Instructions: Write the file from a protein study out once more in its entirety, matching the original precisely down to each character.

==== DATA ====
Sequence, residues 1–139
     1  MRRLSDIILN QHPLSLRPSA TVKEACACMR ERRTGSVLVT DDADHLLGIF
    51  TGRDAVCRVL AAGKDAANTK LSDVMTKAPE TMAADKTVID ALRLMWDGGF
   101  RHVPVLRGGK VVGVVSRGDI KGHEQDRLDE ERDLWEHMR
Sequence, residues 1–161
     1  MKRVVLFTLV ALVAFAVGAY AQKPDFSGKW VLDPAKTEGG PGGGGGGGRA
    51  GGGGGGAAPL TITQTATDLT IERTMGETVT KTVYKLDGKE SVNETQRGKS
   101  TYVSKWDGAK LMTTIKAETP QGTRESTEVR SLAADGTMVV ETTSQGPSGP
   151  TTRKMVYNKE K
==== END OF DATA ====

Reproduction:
Sequence, residues 1–139
     1  MRRLSDIILN QHPLSLRPSA TVKEACACMR ERRTGSVLVT DDADHLLGIF
    51  TGRDAVCRVL AAGKDAANTK LSDVMTKAPE TMAADKTVID ALRLMWDGGF
   101  RHVPVLRGGK VVGVVSRGDI KGHEQDRLDE ERDLWEHMR
Sequence, residues 1–161
     1  MKRVVLFTLV ALVAFAVGAY AQKPDFSGKW VLDPAKTEGG PGGGGGGGRA
    51  GGGGGGAAPL TITQTATDLT IERTMGETVT KTVYKLDGKE SVNETQRGKS
   101  TYVSKWDGAK LMTTIKAETP QGTRESTEVR SLAADGTMVV ETTSQGPSGP
   151  TTRKMVYNKE K